8. Call the police. If you cannot keep yourself, your family or your child safe then you need the police. It's different in every state and even county, but where we live, we ask for a "mental health deputy." This is a police officer who is trained in assessing people with mental illness to see if they need psychiatric hospitalization (suicidal, homicidal, or psychotic) rather than juvenile detention or jail.  I have to have a regular officer come out first and then they'll call the MHD. One time when my child had punched me in the face, they called for a psych hospital with an available bed and transported my child (who had finally calmed down) and I to the nearest psychiatric facility with an opening (2 hours away). They might take you to the nearest emergency room instead.

    It may be a good idea to contact the police before there is an emergency  (don't call 911), to give them a "heads up." Explain your situation and ask for their advice on what you should request next time. It will probably make that emergency call go smoother because they know a little about you and your situation - they're less likely to get the "scared straight," "just smack the crap out of him," you're a "bad parent," "boys will be boys"... kind of stuff that cops who don't "get it" might do/ say.
    Current Meds and Diagnoses summary. If people understand your child has a mental illness or trauma disorder, they are more likely to help you get the psychiatric care your child needs and less likely to threaten the child (scared straight methods don't work on our kids!) or take the child to juvie.
  9. Psych hospitalization - it's tough, but if your child is suicidal, homicidal, or psychotic - your child may need hospitalization. Ways to get there: take your child to the nearest ER (if you can safely transport), call the psych hospitals on your own asking about a bed, crisis counselor can make recommendations and even call ahead for you, call the cops and ask for transport...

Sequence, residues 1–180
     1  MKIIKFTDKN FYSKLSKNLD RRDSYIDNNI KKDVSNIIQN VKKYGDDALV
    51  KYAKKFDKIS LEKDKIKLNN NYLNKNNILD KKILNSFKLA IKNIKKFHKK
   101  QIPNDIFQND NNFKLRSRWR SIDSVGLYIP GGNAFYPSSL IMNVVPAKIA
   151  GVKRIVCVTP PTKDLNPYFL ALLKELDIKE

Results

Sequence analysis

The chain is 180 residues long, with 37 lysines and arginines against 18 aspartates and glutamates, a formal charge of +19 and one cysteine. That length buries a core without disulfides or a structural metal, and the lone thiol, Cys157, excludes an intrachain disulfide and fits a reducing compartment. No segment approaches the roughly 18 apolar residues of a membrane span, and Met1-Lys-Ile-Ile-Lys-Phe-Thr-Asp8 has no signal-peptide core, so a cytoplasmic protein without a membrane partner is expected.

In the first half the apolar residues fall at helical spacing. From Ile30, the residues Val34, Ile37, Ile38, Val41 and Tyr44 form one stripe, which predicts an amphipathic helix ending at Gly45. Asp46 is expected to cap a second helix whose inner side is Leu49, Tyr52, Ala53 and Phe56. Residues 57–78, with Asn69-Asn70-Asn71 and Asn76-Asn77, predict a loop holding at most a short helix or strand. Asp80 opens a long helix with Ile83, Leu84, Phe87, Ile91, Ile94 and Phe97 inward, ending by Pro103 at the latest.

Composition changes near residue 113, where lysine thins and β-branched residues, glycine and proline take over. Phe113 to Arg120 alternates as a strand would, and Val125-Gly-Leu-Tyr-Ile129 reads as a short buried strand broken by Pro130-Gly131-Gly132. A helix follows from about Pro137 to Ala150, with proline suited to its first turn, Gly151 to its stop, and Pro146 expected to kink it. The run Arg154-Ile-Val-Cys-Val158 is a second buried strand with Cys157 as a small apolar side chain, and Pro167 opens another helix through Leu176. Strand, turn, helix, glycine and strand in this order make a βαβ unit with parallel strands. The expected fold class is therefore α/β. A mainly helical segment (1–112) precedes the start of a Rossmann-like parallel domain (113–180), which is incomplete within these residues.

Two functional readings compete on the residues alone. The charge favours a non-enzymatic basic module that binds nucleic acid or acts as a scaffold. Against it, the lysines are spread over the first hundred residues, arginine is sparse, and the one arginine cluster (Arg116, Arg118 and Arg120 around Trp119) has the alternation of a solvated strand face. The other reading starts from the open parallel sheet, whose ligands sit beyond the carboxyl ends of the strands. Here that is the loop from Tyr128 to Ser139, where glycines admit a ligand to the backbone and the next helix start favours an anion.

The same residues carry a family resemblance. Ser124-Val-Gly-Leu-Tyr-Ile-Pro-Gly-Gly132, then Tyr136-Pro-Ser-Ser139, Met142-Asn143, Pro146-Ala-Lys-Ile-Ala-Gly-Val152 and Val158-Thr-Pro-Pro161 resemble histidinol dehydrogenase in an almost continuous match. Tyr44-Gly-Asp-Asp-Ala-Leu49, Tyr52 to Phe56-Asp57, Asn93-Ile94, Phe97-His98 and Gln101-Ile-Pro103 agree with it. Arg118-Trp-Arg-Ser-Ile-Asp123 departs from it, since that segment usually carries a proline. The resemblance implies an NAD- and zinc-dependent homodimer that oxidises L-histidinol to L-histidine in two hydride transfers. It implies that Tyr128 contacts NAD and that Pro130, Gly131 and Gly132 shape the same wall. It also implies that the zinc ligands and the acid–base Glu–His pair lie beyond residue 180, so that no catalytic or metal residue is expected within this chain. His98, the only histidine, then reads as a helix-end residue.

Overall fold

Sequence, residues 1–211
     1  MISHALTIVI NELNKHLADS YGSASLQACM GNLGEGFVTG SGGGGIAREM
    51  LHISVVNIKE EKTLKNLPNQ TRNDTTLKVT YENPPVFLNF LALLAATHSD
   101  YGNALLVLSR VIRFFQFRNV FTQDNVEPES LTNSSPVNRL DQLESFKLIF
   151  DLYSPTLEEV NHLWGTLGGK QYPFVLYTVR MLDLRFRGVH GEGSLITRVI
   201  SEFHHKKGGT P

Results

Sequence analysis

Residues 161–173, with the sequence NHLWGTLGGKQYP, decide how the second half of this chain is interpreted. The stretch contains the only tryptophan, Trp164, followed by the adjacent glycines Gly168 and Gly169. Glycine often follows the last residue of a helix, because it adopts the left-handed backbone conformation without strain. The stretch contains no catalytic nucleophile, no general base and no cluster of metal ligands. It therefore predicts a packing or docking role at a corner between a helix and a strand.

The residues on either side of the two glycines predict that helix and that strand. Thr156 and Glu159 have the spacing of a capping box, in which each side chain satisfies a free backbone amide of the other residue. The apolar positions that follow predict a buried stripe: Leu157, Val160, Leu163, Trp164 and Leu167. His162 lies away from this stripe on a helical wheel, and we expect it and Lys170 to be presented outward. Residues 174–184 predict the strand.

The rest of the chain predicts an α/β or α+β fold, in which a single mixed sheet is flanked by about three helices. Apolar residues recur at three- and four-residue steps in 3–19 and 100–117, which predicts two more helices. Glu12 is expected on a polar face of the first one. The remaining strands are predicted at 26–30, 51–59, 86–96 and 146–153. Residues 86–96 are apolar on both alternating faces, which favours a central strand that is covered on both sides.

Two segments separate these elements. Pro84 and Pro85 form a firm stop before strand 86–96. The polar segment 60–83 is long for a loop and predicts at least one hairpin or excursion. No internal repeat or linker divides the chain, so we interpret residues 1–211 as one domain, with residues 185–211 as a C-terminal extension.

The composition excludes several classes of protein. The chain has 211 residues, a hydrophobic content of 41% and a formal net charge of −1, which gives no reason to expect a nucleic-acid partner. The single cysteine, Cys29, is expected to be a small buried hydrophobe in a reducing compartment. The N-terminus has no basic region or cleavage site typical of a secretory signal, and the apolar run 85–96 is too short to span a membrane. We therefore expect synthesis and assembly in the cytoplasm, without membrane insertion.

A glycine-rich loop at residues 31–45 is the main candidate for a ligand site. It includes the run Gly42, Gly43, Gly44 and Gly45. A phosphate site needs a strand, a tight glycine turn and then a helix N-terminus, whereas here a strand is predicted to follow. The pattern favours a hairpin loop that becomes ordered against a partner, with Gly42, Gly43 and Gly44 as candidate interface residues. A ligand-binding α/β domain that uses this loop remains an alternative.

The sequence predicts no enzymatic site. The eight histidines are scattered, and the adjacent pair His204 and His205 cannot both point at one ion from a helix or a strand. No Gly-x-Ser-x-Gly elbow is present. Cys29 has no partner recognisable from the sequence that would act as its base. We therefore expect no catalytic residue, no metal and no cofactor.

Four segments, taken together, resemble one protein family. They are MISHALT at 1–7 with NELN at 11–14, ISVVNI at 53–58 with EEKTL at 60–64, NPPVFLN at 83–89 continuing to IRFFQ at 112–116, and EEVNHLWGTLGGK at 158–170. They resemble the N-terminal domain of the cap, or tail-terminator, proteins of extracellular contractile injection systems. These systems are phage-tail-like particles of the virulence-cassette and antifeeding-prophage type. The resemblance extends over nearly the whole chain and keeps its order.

10. Physical Holds/ Restraints - We only used this as a last resort to protect our self or another family member, or to protect the child from hurting him/herself. Because this can be dangerous (children have been known to suffocate and die from improper restraints), I don't believe proper restraints are even being taught anymore. We used the standing basket hold or sitting basket hold, and were always very conscious of the child's breathing.

    There don't seem to be any good examples on the internet. So I'm giving you an example of the Wrong Way to use a holding restraint (the child's arms should be crossed at the waist rather than across the chest which can restrict breathing, hold arms above the wrist joints to prevent strain, if a child is kicking and struggling then I have put one leg over the child's legs, make sure to tuck your head to one side - preferably behind the child's shoulder - to prevent the child from throwing their head back and breaking your nose).

    The sitting basket hold worked best for us. As the child calmed, I was able to loosen the hold, until it became more of a comforting hug. We often stayed like this after the child was completely calm and we could process what happened.  When the children first came to us, I believe our children often needed physical comfort but were unable to express it or accept it because of their attachment issues, so they initiated events that would lead to this hold.